Coconut Palm trees abound and you find them on the street, in the canals and on the beaches. You can climb a tree and pick one, but I prefer to wait until they drop by themselves when they are fully ripe. It's is quite a bit of work getting the husk off so your going to really want to have some fresh Coconut in order to be motivated. Once the husk is removed its a simple matter to drive a phillips screw driver or awl thru one of the three eyes located at one end of the shell and drain the coconut water, which is good to drink. Strike the hard shell on a hard object or tap it with a hammer to break it open and easily pry the coconut meat from the shell with a butter knife. Coconuts are distinct from other fruits because the contains a large quantity of clear liquid, called "coconut milk" in the literature, and when immature, may be harvested for their potable "coconut water", also called "coconut juice". Some people confuse the coconut water you drain from the shell with "cream of coconut" used an a ingredient to the Pina Colada drink, which is made by processing the coconut meat inside the shell. As the fruit ages, the water solidifies into the white meat and is pressed for milk or oil. You can't walk anywhere in Cape Coral without finding them.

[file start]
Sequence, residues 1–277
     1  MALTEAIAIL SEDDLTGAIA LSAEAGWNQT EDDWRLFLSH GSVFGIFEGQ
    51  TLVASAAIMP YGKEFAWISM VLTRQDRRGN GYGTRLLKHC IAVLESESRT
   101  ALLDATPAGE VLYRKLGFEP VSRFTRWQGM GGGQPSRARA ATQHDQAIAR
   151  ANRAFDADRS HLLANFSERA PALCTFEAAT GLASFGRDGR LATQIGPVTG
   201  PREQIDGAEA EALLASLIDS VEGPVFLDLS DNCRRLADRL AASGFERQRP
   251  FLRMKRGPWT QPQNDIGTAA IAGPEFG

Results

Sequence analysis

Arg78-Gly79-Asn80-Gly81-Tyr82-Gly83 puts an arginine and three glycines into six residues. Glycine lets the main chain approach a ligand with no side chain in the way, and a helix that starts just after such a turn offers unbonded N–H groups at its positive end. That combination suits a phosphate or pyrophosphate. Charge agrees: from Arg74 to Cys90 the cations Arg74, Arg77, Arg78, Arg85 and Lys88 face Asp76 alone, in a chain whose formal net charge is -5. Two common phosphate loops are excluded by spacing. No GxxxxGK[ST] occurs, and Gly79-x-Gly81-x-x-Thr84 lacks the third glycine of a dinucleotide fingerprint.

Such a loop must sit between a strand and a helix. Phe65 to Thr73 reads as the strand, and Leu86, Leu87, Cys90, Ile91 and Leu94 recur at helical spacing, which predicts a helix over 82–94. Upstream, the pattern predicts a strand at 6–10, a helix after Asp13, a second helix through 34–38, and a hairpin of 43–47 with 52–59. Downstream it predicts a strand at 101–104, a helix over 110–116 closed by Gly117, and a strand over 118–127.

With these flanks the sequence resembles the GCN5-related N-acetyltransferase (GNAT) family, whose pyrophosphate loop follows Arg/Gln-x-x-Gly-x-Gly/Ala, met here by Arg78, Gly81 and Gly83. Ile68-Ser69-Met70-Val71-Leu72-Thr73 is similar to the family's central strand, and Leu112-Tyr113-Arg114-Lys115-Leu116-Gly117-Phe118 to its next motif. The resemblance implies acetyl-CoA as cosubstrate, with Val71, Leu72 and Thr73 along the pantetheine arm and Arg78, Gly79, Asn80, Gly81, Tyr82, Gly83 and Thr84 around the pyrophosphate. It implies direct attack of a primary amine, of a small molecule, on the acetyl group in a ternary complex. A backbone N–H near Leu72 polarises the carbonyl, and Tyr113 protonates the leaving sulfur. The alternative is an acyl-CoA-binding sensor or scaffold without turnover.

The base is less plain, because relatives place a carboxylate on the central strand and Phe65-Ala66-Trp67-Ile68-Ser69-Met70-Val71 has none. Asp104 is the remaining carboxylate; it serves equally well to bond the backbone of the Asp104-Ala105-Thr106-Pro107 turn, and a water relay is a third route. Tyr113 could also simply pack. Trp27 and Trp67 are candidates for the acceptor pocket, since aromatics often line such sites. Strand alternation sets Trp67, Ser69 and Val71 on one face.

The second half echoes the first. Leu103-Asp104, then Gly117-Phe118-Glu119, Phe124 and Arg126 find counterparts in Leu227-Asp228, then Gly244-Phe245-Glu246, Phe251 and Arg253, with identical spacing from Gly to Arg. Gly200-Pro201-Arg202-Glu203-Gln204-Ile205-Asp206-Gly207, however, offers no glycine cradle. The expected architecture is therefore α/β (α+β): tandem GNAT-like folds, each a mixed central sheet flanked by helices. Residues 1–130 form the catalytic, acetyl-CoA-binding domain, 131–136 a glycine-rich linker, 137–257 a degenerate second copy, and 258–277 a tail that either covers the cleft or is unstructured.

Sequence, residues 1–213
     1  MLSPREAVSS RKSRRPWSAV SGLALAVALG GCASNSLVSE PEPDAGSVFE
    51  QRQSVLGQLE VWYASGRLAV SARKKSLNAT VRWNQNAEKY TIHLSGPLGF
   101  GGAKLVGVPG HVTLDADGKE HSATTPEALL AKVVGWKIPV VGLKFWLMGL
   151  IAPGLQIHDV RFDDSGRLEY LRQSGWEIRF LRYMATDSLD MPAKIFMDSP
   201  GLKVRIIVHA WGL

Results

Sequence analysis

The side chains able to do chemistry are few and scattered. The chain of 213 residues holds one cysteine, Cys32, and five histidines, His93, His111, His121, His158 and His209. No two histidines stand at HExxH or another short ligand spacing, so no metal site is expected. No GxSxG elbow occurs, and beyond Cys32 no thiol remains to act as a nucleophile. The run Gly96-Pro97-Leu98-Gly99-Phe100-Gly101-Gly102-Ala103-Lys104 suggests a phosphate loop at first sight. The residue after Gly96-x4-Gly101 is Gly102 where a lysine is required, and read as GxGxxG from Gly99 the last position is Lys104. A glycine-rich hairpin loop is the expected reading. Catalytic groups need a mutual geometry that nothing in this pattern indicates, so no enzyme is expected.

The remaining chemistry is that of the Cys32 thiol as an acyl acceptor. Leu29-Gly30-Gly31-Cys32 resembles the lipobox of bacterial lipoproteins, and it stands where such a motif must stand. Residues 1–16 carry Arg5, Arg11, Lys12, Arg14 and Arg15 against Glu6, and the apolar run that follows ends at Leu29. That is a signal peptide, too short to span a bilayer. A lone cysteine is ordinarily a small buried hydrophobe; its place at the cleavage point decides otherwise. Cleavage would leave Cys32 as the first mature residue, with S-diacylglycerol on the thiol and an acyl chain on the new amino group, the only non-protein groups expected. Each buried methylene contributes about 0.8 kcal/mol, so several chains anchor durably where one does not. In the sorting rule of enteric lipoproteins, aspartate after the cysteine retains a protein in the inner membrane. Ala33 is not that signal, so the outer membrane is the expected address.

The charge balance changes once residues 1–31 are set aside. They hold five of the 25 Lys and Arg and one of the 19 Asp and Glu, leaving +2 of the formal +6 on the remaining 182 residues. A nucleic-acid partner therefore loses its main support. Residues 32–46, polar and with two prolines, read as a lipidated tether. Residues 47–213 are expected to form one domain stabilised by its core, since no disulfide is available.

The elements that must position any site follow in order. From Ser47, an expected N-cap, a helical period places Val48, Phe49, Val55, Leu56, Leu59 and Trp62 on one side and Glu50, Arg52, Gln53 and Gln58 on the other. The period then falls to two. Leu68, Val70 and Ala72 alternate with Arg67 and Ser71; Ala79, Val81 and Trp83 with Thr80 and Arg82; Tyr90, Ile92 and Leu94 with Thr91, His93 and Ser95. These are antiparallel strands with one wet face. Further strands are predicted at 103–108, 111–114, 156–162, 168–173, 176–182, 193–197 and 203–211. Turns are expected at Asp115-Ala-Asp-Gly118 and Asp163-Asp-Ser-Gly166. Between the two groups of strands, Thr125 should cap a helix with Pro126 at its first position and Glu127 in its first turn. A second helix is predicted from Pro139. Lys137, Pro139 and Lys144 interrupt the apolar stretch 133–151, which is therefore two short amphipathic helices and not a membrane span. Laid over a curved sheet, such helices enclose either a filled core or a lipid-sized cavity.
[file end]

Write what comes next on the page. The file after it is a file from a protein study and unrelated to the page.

My neighbor Paul across the street has coconut palm trees, which he planted as seeds. He will be happy to provide you all you want, although you may have to shuck them which is difficult. I frequently see coconuts that have dropped sitting on another neighbors lawn or on the beach and a tree has emerged from the coconut and started to grow. The Coconut after all are seeds which the tree produces to reproduce.
Mature, ripe coconuts can be husked and used as edible seeds, or processed for oil and plant milk from the flesh, charcoal from the hard shell, and coir from the fibrous husk. Dried coconut flesh is called copra, and the oil and milk derived from it are commonly used in cooking – frying in particular – as well as in soaps and cosmetics.